Abstract

BACKGROUND: The International Prognosis Scoring System (IPSS) for evaluating the clinical outcome for patients with myelodysplastic syndromes is widely used to estimate overall survival and time of progression to acute myeloid leukemia. Karyotype status and complexity are key components of the IPSS; however, emerging data suggest the use of cytogenetics at disease presentation is not applied uniformly among MDS patients.

AIM/METHODS: To investigate the degree of consistency of scoring karyotypes for IPSS among cytogeneticists and clinicians, the International Working Group on MDS Cytogenetics (IWGMC) conducted a survey of 32 karyotype challenges carried out in two phases:

  • an initial survey without any specified karyotype counting guidelines and

  • a second survey conducted after the development of IWGMC consensus guidelines for scoring karyotype complexity.

The consensus guidelines for counting aberrations were:

  1. count 1 aberration for each numerical change (including –Y), balanced translocation and simple structural change;

  2. count 1 aberration for each complex structural change;

  3. count 0 for a constitutional aberration, but if in doubt, count 1 aberration;

  4. when multiple clones are present, add all independent aberrations, but count a single (specific) change only once;

  5. count 1 aberration for tetraploidy; and

  6. until it is revised, all chromosome 7 abnormalities are considered “poor”.

The number of cytogenetic aberrations and the corresponding IPSS score (Good, Intermediate or Poor) were also to be given for each of the karyotypes. Twenty cytogeneticists and two clinicians participated in the initial survey. The second survey with attached IWGMC guidelines was completed by 23 cytogeneticists and 16 hematologists working at MDS Foundation Centers of Excellence worldwide.

RESULTS: Despite the excellent concordance in the evaluation of simple karyotypic aberrations, major differences in scoring complex abnormalities were observed among the cytogeneticists who participated in the initial survey. After implementation of the IWGMC guidelines, scoring among the cytogeneticists in the second survey became homogeneous (<10% discrepant results). However, scoring among the hematologists remained much less consistent, with difficulties surrounding ploidy and complex rearrangements/karyotypes. These data and the results of a recent international physician’s practice survey conducted by the MDS Foundation, Inc., indicating 86% of 98 respondents state cytogenetic results had impact on their management of MDS patients and cytogenetic scoring is most often assigned by hematologists (67%), support the need for standardized karyotype scoring practices. These data also highlight that a number of unresolved issues with karyotype status and complexity scoring remain, including the status of –Y, classification of 7p abnormalities, and ploidy status and count.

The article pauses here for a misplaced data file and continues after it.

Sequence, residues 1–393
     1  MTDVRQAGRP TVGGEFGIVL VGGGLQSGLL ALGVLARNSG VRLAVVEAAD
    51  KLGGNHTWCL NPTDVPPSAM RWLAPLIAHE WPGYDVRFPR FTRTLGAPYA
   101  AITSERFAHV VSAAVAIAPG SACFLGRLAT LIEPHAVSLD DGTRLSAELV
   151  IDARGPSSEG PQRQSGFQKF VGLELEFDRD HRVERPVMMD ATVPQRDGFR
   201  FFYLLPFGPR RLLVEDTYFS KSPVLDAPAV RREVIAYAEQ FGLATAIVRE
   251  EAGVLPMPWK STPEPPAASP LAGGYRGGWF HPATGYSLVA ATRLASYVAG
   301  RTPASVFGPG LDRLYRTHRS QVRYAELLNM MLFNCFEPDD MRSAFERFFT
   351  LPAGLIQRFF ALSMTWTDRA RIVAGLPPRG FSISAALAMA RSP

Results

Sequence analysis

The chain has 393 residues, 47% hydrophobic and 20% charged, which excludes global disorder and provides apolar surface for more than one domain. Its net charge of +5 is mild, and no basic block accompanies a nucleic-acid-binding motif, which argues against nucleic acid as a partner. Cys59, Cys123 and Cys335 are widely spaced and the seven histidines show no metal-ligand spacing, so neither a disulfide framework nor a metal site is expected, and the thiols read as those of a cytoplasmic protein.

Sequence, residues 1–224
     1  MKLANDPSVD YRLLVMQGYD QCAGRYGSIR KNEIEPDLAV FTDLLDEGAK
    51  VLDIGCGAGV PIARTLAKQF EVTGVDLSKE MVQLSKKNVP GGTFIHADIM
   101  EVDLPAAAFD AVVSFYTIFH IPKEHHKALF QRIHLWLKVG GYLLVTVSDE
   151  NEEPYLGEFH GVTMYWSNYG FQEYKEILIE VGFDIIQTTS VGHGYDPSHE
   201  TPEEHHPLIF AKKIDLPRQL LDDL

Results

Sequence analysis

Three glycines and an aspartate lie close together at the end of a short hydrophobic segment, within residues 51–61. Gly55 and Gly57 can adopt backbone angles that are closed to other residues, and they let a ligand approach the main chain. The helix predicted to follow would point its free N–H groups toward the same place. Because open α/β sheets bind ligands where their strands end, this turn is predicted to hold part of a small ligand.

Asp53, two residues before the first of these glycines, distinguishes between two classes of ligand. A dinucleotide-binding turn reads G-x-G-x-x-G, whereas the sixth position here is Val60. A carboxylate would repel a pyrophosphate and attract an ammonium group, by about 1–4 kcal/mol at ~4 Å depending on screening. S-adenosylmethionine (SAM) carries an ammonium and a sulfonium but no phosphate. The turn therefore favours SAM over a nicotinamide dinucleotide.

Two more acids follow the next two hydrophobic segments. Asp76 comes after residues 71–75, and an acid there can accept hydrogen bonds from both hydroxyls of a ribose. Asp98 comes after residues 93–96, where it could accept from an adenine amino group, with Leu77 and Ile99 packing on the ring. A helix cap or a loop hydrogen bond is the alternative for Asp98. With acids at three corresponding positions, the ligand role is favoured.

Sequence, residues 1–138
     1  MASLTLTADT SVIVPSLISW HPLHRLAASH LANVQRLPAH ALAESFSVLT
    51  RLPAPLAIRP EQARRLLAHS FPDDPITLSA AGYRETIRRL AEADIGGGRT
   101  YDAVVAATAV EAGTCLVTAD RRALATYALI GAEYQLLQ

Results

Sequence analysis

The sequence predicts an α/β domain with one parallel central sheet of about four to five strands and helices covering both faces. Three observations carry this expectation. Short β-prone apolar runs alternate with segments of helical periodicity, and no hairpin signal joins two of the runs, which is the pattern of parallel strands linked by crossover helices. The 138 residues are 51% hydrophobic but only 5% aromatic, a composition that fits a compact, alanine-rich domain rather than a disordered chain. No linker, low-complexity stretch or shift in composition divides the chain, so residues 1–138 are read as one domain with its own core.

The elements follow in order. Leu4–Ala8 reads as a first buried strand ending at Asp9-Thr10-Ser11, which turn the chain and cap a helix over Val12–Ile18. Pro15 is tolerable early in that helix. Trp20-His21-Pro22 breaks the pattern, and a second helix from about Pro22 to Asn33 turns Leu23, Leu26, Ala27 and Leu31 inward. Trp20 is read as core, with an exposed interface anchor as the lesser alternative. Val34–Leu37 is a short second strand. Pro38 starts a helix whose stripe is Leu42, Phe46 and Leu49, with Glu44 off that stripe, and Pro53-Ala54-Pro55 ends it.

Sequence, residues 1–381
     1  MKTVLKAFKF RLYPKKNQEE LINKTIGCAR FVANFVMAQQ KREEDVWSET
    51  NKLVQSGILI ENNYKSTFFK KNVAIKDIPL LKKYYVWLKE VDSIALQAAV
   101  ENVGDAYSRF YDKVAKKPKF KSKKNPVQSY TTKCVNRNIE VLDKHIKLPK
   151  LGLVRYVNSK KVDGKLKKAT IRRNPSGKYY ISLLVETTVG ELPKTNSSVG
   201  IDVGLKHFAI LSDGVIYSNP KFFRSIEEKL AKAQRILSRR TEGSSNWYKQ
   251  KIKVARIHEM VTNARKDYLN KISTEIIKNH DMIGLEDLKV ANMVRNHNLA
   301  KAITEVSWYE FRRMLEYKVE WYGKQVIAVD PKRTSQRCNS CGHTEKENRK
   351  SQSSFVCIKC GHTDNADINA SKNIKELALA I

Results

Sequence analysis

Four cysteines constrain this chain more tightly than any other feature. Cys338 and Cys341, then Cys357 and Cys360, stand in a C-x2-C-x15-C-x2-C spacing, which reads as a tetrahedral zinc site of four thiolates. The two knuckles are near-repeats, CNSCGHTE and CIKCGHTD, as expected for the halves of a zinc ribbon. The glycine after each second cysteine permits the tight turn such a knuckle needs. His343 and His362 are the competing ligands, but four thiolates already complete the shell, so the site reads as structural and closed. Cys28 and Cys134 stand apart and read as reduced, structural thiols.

CONCLUSIONS: Our survey results indicate that cytogeneticists are capable of scoring karyotype complexity consistently with the consensus guidelines, whereas the hematologists remain slightly more puzzled by the nomenclature. Furthermore, despite these consensus guidelines, there remains a number of unresolved issues with karyotype status and complexity scoring. Therefore, our results argue for the immediate need of an international standardized complexity scoring system as well as a corresponding IPSS cytogenetic scoring system for clinical practice. We also argue that cytogeneticists must become more proactive in the management of MDS patients by implementing an immediate practice change that includes the IPSS karyotype score on the cytogenetics reports of all newly diagnosed MDS patients. Assisting the hematologists in this manner would ensure that cytogenetic data are applied in a uniform and systematic (comparable) manner, especially when new therapeutic approaches for MDS patients are being evaluated.

Disclosures: No relevant conflicts of interest to declare.

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